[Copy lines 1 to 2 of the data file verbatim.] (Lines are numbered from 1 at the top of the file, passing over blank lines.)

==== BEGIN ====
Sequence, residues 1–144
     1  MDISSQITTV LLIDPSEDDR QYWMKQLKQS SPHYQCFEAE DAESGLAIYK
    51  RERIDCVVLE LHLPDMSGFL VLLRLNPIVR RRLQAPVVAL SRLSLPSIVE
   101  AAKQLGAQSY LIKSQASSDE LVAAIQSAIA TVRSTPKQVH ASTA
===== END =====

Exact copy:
Sequence, residues 1–144
     1  MDISSQITTV LLIDPSEDDR QYWMKQLKQS SPHYQCFEAE DAESGLAIYK